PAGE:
DATE

Figure 4. Convergence measurements from a weak zone in the Frya Subsea Tunnel. [8] A B

Max. load = 0.88 MN

Max. load = 0.88 MN

Max. deformation 13 mm

Max. deformation 17 mm

Max.bending moment 1000KNm


2 2

Max.bending moment 43 KNm

Y Z X

Figure 5. Comparison between numerical analysis[6] and static analysis with STAAD for load distribution (A+B), deformations (C+D) , and bending moments (E+F) in a 10m wide tunnel. (see text). The column ACE shows the analysis with STAAD. The column BDF shows the numerical modelling with blocks and joints.

7 2D numerical analyses of examples with two layers of sprayed concrete including RRS, with total thickness 25cm, gave a maximum displacement of 17mm. In these cases the maximum loading on the rock bolts was approximately 10ton. This equals approximately 0.05 MPa when the spacing is 1.5m. Convergence measurements were carried out in 27 weakness zones in the Frya Subsea Tunnel. Many cracks appeared in the sprayed concrete in the tunnel during the deformations. Hence, it was necessary to install RRS as a permanent support in the weakness zones. A total of 82 ribs (RRS) were installed. In some places a total of 53m of in situ cast concrete lining was placed as permanent support in addition to the temporary 20-30 cm Sfr + B c/c 1.5m. Cost analysis indicated that cast concrete lining was 50% more expensive than RRS. The results from convergence measurements and numerical analyses from the Frya Subsea Tunnel in West Norway have been used in a static analyses of structural frames using the computer program STAAD. STAAD is a program specialised for analysis of concrete constructions. Figure 5 illustrates the comparison between STAAD analysis and numerical analysis in a block model (UDEC B-B). A and B show the load distribution, which is similar in static analysis (A) and numerical analysis with UDEC (B-B). C and D show the deformations calculated with STAAD (C) and numerical analysis (D). We can observe that the deformation in STAAD-analysis allows a movement outward in the walls, because of plastic behaviour under the higher load in the crown. We can also see that the defined blocks in the UDEC B-B model rules the deformation around the tunnel. E and F show the bending moment calculated by STAAD (E) and numerical analysis (F) with block movements.

Y Z X

Y Z X

10 9 8 7 6 5 4 3 2

11

12

13 14 15 16 17 18 19 20 21

1
2 2

22

Y Z X

Z X

Figure 6. The three geometries (5, 10 and 20 m span) on which the analyses have been carried out in STAAD. The calculated deformation is visualised with arrows and a second line. The lower right illustrates the 22 elements in the STAAD models.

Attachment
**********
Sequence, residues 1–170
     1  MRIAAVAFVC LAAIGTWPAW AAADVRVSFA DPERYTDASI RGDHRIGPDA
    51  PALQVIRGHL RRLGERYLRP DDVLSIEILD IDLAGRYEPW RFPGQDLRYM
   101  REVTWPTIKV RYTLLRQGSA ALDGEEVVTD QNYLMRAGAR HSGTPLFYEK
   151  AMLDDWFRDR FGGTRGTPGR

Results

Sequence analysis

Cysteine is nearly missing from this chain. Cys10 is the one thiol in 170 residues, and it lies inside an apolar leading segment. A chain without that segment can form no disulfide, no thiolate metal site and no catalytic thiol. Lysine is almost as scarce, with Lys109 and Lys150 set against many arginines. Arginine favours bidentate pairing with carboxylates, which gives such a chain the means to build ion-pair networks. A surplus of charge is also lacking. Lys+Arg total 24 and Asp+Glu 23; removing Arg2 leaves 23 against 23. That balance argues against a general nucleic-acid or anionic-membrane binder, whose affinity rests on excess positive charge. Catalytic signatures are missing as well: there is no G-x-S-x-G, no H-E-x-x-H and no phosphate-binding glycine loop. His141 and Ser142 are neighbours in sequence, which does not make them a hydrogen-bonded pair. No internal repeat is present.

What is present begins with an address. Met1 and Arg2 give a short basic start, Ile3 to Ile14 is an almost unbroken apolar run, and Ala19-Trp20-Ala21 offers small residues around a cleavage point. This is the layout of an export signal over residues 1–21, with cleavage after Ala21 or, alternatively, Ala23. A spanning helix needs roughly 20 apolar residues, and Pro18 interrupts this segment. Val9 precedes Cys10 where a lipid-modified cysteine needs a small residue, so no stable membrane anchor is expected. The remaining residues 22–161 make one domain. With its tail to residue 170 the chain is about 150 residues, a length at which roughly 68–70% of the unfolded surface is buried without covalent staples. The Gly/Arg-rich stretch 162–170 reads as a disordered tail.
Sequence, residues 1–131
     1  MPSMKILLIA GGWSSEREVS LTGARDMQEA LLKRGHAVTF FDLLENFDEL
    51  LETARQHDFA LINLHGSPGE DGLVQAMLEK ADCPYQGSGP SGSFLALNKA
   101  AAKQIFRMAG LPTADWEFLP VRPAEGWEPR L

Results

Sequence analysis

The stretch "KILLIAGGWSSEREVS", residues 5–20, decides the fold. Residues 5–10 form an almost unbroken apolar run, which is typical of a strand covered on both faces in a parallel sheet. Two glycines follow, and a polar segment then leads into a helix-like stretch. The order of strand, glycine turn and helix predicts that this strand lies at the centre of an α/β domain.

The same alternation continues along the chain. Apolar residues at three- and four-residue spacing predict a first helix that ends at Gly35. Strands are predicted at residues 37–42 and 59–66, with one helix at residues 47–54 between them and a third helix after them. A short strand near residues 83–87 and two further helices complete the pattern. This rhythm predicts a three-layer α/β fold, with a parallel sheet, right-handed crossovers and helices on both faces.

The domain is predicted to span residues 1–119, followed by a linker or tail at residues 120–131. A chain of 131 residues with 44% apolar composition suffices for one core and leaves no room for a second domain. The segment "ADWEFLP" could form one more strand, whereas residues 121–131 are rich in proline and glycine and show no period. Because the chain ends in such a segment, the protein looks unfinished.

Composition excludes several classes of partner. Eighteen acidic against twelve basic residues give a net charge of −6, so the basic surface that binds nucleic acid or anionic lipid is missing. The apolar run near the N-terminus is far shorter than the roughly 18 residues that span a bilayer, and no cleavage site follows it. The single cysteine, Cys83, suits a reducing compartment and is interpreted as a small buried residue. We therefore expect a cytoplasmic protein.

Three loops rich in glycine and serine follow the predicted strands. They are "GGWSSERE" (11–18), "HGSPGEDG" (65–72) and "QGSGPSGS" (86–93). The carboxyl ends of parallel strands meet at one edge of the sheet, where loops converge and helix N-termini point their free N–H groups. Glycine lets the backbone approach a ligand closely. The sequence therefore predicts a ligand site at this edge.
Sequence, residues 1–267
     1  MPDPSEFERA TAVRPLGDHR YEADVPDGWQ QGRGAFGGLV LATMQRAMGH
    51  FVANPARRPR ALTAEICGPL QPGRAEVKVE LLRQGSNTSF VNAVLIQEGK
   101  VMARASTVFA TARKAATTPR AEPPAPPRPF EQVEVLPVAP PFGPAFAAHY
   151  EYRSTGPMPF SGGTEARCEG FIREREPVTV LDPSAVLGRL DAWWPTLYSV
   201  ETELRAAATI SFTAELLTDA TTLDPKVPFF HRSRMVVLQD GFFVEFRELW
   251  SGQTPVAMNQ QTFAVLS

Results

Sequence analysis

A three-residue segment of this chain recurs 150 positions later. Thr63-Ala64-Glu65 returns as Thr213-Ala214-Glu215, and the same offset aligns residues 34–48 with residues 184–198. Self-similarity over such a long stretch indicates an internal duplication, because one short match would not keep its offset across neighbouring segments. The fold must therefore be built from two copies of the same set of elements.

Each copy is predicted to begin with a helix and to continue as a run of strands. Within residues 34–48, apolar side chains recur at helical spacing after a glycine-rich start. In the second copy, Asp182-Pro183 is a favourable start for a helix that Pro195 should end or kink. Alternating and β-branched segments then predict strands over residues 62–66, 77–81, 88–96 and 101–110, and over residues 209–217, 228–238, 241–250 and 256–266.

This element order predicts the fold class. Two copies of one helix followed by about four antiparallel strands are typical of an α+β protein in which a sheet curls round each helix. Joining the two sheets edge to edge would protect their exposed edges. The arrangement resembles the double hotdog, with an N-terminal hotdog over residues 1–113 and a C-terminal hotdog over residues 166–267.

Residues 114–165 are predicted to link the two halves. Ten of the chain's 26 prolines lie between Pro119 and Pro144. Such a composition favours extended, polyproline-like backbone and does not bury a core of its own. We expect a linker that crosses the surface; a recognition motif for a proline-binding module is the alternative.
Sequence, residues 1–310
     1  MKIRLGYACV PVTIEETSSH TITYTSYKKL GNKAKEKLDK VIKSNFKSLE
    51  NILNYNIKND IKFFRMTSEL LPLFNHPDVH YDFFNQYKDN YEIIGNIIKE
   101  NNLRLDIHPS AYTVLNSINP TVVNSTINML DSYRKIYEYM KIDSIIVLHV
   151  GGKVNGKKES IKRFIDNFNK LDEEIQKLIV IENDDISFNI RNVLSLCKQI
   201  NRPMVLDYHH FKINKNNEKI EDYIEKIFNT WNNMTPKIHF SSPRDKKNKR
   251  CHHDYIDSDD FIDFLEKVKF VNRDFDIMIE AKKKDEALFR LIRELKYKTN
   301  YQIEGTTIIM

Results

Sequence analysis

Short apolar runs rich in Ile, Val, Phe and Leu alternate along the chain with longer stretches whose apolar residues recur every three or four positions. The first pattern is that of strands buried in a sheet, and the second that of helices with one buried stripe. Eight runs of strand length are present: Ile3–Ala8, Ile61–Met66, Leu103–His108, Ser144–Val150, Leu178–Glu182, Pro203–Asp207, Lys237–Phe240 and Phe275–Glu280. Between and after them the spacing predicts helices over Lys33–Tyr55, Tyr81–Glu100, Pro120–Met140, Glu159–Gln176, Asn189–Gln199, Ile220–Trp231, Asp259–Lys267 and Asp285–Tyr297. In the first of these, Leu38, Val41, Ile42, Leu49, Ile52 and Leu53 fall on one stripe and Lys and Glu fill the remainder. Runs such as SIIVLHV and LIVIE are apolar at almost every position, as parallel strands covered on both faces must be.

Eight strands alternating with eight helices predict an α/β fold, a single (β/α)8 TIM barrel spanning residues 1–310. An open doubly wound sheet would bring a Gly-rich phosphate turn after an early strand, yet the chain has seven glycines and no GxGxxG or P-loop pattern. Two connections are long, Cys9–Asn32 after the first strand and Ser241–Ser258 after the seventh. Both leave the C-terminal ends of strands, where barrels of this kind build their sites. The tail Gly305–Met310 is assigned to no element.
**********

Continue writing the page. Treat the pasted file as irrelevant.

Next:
8 It should be mentioned that only the ends of the arch (at the invert) in the STAAD model are fixed (with springs), while the UDEC B-B model has taken into account the adhesion between rock and sprayed concrete. Lack of support from the rock (rock-structure interaction) in the STAAD model allows large outward movements of the walls, and hence overestimates the bending moment in the springline and the roof as shown in Figure 5, E&F. Instalment of stiff springs in the upper part of the walls may reduce this effect. Analysis of the shear forces are carried out both in the numerical model and in the STAAD model. In the model with 10 m span and 0.88 MN maximum load the STAAD-model gave a maximum shear force of 1,7 MN, while the numerical model gave 0,35 MN. This big difference probably is due to the effects described above. In the UDEC B-B model the following material properties have been used for the intact rock in addition to the joint parameters: Q-value, RMR-value, E (Youngs modulus) or M (Deformation modulus) (GPa), (Poissons ratio), (Density) (kN/m3), K (Bulk modulus) (GPa), G (Shear modulus) (GPa) [6]. In the STAAD model the following material properties are required used for the concrete construction in the RRS: Thickness of RRS, E (Youngs modulus) = 21 GPa, (Poissons ratio) = 0.15, (Density) = 25 (kN/m3), Diameter of the reinforcement bars = 16 mm. All the models are divided in 22 elements as shown in Figure 6. Description of the models analysed with STAAD The deformation and the bending moment is acting differently on different parts of the profiles for 5, 10 and 20 m span as shown in Figures 6 and 7. The shape, load and the size of the underground opening causes this distribution of bending moment. The 20m wide model has a relatively flat crown, and would have less deformation, and would be able to take a higher load in the crown if the arching of the crown had been higher. In contrast, in the relatively high walls in the 5m wide model, there are large deformations in the walls, where the bending moment is high. The inversion of bending moments from positive to negative in the springline might cause shear failure in the RRS if the load is too high compared to the strength of the RRS. Such effects have been observed in the Lrdaltunnel in West Norway, where high stress with squeezing conditions deformed even 90 cm thick sprayed concrete including RRS combined with rock bolts (c/c<1m) [7]. In most cases however, moderate deformations will give tension cracks in the shotcrete lining. Figure 8 shows the distribution of bending moments in the crown, springline and walls for different loads in the model with 10m span. It is noteworthy to observe that the bending moment of the walls is decreasing with increasing thickness of the RRS, while it is increasing with increasing thickness in the roof and to a smaller extent in the springline. Similar curves are shown for a 20m wide span, while a 5m span gives an increasing bending moment when the thickness of the RRS increases in all parts of the profile. The maximum bending moments for 5, 10 and 20 m span are 2700, 6400 and 35000 kNm respectively.

2
2 2

Figure 7. Bending moment of the 5, 10 and 20 m span models

Bending moment, Span 10m


7000 6000
0,2 MN, roof 0,2 MN, wall 0,2 MN, springline 0,45 MN, roof 0,45 MN, wall 0,45 MN, springline 0,88 MN, roof 0,88 MN, wall 0,88 MN, springline 0,95 MN, roof 0,95 MN, wall 0,95 MN, springline 2 MN, roof 2 MN, wall 2 MN, springline